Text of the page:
Will inflation soar when QE is withdrawn?

December 15, 2009

MarkBolsom - Mark Bolsom is Head of the UK Trading desk at Travelex, the world’s largest non-bank foreign exchange and international payments provider. The opinions expressed are his own. -

The rise in November’s CPI figure was larger than expected, but not a total surprise and markets have largely ignored the data.

In the Bank of England’s quarterly inflation report, published last month, Mervyn King reiterated his belief that short-term inflation looked set to rise quite sharply, in line with higher oil and petrol prices. There is little doubt as well that Sterling’s relative decline against a basket of other currencies has also contributed to inflationary pressure. This is particularly significant for the UK, as Britain remains a net importer of goods, and thus far there has been no sign of a reduction in the trade deficit. In fact the trade deficit actually widened to 3.2 billion pounds  in October from 3.1 billion pounds in September 2009.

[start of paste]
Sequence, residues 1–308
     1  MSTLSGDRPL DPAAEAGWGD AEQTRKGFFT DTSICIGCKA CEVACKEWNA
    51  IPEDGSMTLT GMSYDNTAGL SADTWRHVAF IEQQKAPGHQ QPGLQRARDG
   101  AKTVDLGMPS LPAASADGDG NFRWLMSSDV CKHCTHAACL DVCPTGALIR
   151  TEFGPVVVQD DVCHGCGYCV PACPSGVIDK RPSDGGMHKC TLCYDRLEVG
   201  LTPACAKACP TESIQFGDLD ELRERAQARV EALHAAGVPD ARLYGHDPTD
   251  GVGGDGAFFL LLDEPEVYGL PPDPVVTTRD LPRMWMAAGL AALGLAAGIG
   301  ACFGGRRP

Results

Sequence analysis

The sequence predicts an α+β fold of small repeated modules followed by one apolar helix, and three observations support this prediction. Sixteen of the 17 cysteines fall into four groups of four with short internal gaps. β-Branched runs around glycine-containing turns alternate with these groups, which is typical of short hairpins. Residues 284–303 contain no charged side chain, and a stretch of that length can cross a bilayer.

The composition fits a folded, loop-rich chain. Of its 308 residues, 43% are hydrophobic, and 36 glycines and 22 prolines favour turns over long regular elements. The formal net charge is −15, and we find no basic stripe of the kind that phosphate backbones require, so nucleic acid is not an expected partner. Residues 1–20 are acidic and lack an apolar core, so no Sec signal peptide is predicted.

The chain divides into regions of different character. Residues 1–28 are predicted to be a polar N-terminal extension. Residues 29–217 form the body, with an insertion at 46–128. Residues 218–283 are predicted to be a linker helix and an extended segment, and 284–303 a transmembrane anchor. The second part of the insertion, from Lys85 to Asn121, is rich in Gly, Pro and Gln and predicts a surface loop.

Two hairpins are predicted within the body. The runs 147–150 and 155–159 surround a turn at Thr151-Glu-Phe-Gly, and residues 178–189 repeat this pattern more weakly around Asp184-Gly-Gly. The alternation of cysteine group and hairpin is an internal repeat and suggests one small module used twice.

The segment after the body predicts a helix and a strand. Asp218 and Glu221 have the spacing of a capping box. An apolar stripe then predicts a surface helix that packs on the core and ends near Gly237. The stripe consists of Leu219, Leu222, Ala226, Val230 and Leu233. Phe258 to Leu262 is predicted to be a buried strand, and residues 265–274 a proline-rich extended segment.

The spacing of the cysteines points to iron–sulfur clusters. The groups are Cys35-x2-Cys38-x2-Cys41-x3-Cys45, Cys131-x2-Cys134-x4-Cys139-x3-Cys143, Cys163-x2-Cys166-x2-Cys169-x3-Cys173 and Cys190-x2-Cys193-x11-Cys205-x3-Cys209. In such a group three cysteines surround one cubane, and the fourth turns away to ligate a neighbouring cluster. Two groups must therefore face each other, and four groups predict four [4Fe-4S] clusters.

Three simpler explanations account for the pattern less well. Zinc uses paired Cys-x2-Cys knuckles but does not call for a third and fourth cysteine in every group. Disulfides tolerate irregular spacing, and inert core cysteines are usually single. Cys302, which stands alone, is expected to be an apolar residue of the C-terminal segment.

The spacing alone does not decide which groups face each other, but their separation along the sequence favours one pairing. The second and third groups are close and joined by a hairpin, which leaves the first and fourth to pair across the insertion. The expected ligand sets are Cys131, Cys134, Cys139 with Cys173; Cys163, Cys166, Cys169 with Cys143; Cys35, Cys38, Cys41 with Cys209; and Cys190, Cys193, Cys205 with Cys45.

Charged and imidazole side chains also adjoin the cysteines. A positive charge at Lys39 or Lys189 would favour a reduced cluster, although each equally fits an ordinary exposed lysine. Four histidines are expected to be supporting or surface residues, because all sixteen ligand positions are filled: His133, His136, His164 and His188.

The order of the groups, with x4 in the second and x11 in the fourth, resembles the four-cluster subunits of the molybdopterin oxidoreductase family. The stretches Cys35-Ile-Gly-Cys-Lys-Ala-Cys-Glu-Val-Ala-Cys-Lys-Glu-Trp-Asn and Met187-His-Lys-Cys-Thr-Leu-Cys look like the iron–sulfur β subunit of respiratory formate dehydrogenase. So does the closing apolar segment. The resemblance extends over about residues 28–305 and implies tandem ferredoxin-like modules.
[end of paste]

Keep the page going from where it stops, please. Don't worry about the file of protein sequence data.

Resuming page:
In the short-term, we expect inflation to carry on rising, as the reversal in VAT, scheduled for January (currently at 15 percent, set to revert back to 17.5 percent), will add to inflationary pressures. As the pace of the global recovery picks up, we also expect the cost of raw materials to increase, further adding to upwards price pressure and quite possibly pushing inflation to 3 percent by the end of the first quarter in 2010.

Nevertheless, even with the pick up in underlying inflation, the higher CPI number is unlikely to significantly impact the Bank of England’s monetary policy. Mervyn King has stated that he will be focussing on the medium term outlook, preferring to concentrate on spending relative to the spare capacity in the UK economy. Given this outlook, and the probability that wage inflation is also likely to remain subdued, we expect the Central Bank to persist with a policy of low interest rates. We expect rates to stay on hold at 0.5 percent until 2011.

However, only when the MPC start to withdraw their quantitative easing programme will we get a true indication of the currently bolstered CPI figure. Thus, the real question is what will happen to inflation rates when the MPC start to withdraw economic stimulus?

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